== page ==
A degree in dietetics prepares individuals for a career as a dietician. A program in dietetics will educate an individual on the effects of various foods on the body, their nutritional value, and how best to optimize ones diet for a given purpose. A minimum of a bachelor's degree is required for entry level positions in dietetics as is experience through an internship either during or after the program. Programs will involve intensive study of physiology and how foods are broken down and absorbed by the body, what effects and results they may produce, and how such information may be utilized in a professional setting.
A curriculum in dietetics may include:
- Food Chemistry
How to Become a Dietician
To become a dietician, you will need to successfully complete a series of discrete steps. Below you will find a summary of those steps to help you understand the milestones required as part of the process. The steps to become a dietician include:
Step 1 – Earning a bachelor’s degree or graduate degree in dietetics from a CADE accredited college or university
Step 2 – Verify with your state of residence the work experience requirements. Typical work requirements include 6-12 months in an approved accredited program
Step 3 – Register for and successfully pass the Commission on Dietetic Registration (CDR) examination
Step 4 – Apply for licensure from your state of residence
Step 5 – Find work in the field as a member of a small or large organization in the public or private sector as a dietician
Step 6 – Focus on transferrable skills to help grow your career and skill set. Register for continuing education credits as prescribed by your state to keep your license active.
Schools Other Students Requested Information From:
A career as a dietician will involve making dietary plans that cater to individuals in order to achieve a pre-determined goal. Dieticians work with individuals to determine the clients likes and dislikes, their budget, asses a patient's health needs and restructure meal plans as needed. A good dietician will stay current on developments regarding his or her field, and will promote better nutrition and health through education. Individuals may also seek employment at government agencies with purpose of evaluating and rating new products prior to their release, or at private firms and businesses in order to help develop new products to be introduced into the market.
Where Do Dieticians Work?
Dieticians can work in a number of industries and sectors of the economy. In fact, dieticians can be employed by private organizations, government research facilities, community health providers, public agencies, and non-profit organizations in a variety of industries. The list below represents the top 5 employers of dieticians in the United States.
Top Employers of Dieticians
- Medical and Surgical Hospitals 17,840
- Outpatient Care Facilities 6,870
- Nursing Care Facilities 4,790
- Local Government Agencies 3,960
- Specialty Food Services 3,780
Graduates from an accredited college or university with a dietetic degree can also be employed in the following sectors of the economy in a variety of capacities providing coaching, counseling, education, research, and mentoring on food nutrition and wellness.
- Federal Government
- Community Health Clinics
- Clinical Nutritionist
- State Government
- Food Safety
- Recreation Centers
- Menu Development
- Local Government
- Insurance Carriers
Job Growth, Salary and Related Fields
The growth for dietician jobs is expected to increase faster than average over the next decade as the average weight of the American citizenry increases and the need for better eating and diets becomes more realized. In fact, employment growth is estimated to grow by 16% according to the BLS adding some 16,000 jobs to the industry in the coming decade. Dieticians may require certification or licensure depending on the state. Individuals interested in becoming a dietician should research their state's requirements. The average salary for a dietician is approximately $58,920 per year with the top 10% making $82,410 and the bottom ten percent making $36,470 a year on average.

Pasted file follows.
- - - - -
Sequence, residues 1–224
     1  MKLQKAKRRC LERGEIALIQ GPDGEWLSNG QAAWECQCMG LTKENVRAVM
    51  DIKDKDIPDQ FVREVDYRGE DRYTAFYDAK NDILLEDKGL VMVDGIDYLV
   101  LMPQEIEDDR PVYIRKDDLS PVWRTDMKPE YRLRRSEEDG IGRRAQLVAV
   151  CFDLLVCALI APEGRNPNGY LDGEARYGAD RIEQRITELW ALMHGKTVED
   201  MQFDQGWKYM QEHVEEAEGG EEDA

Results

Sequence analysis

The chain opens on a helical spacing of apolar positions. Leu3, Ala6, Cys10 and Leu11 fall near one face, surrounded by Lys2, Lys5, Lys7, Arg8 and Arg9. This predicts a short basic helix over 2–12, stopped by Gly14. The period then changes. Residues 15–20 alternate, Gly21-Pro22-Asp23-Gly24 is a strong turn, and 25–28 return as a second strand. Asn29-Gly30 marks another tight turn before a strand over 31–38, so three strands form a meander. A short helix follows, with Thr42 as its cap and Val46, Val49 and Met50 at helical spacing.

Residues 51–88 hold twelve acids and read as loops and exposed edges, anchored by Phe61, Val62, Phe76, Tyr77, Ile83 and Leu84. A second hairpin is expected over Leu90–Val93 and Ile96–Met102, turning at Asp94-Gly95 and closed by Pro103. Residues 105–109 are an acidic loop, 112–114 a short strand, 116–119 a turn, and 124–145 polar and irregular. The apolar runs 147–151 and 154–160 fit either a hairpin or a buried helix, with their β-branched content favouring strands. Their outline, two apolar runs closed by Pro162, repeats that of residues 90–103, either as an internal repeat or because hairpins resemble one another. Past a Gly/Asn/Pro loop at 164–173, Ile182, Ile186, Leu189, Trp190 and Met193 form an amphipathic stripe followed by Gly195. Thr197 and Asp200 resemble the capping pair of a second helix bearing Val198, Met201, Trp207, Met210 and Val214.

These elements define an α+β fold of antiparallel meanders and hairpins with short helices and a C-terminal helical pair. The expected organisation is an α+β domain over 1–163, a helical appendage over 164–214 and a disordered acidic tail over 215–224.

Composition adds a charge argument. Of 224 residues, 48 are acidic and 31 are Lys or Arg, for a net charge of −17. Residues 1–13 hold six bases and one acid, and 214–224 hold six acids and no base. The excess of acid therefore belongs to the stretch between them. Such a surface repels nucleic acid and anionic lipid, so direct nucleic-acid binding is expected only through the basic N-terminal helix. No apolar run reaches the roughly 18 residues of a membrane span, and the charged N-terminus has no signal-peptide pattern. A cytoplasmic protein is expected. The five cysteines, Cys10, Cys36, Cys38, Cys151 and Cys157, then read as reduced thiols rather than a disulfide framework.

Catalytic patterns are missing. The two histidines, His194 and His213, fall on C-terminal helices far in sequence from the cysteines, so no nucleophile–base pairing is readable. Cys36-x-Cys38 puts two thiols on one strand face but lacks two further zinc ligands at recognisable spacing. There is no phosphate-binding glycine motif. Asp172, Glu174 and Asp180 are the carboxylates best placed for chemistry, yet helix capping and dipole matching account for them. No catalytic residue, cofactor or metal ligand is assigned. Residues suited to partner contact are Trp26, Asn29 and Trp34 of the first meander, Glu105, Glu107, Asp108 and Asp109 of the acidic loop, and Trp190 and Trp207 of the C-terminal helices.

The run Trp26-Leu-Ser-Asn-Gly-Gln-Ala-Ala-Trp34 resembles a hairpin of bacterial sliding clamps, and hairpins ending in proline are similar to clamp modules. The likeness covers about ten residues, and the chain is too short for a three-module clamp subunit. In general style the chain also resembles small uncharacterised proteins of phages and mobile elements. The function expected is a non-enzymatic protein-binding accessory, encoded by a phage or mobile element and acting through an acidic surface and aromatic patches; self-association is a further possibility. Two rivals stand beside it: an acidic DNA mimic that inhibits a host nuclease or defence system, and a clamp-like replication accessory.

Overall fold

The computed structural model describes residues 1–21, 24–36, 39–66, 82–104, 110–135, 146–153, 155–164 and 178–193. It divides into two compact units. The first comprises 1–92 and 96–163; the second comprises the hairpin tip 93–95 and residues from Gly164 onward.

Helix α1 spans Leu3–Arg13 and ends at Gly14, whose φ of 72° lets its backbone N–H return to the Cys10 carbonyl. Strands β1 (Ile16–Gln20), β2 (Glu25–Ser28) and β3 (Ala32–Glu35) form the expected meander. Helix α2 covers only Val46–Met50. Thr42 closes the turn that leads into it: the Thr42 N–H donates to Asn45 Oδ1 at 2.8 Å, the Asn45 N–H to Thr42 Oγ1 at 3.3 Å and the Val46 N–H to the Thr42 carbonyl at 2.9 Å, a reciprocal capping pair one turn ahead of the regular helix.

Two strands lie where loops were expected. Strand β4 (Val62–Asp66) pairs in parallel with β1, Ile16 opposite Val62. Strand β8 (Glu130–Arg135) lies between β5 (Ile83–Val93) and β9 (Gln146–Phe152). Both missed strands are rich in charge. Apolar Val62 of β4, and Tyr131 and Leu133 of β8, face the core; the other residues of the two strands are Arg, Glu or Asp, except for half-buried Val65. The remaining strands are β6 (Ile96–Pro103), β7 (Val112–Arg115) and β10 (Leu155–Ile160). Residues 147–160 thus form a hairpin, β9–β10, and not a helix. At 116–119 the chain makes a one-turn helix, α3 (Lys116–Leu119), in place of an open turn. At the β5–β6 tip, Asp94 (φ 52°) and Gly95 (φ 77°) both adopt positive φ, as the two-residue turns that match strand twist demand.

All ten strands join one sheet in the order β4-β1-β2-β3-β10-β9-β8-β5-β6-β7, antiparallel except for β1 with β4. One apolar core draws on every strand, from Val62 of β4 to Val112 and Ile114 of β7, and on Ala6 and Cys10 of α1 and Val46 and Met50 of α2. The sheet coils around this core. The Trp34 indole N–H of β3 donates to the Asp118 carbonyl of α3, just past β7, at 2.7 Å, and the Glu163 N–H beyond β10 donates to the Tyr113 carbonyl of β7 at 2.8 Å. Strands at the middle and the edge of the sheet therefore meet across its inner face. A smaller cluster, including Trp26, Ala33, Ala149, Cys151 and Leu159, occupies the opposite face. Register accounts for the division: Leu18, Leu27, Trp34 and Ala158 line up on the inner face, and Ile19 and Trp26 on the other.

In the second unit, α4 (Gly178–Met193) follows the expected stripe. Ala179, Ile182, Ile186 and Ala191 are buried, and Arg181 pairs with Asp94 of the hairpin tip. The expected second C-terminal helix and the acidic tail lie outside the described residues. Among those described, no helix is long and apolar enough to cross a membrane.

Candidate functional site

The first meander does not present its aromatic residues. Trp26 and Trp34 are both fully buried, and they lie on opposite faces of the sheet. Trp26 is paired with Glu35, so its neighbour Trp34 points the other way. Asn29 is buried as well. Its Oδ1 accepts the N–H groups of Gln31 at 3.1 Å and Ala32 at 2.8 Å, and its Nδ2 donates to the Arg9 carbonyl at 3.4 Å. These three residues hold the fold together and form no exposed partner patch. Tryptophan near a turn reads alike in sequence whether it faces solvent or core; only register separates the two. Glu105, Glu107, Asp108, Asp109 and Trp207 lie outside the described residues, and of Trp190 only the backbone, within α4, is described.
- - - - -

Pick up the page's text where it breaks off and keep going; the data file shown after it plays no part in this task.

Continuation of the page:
Common Job Titles of a Dietician
As you think about a career as a dietician, it is important to get familiar with industry jargon and commonly used job titles. A list of the most common job titles found in the industry for a dietician include the following list:
- Clinical Dietician
- Pediatric Clinical Dietician
- Dietitian, Nutritionist
- Outpatient Dietitian
- Registered Dietician
- Clinical Dietitian
- Correctional Food Service Supervisor
- Dietary Manager
- Registered Dietitian
Top Job Duties of a Dietician
In a recent survey performed by the United States Department of Labor, professional dieticians provided a list of the most common job duties they perform. As a summary, we have culled the list and found the most popular and relevant items from that survey. The top job duties of a dietician include:
- Monitoring food service operations to ensure adherence to mandated standards such as: nutrition, safety, sanitation, and quality
- Assessing the nutritional needs, diet restrictions, and current health plans of individuals in an effort draft treatment plans and counseling benchmarks
- Advising patients, corporations, and families on dietary plans, nutritional principles, food preparation, diet modifications, and while food selection
- Counseling clients on quality eating habits, principles of nutrition, and overall wellness associated with food consumption
- Consulting with medical providers and doctors to understand a patient’s limitations, restrictions, or known allergies prior to establishing a treatment plan
States with the Highest Employment of Dieticians
- California 7,860
- New York 4,960
- Texas 4,610
- Florida 2,950
- Pennsylvania 2,860
Top Paying States for Dieticians
- California $71,430
- Maryland $67,440
- Oregon $67,040
- Hawaii $66,870
- New Jersey $66,540
Individuals interested in dietetics may also be interested in clinical nutrition, public health or dietitian assistant.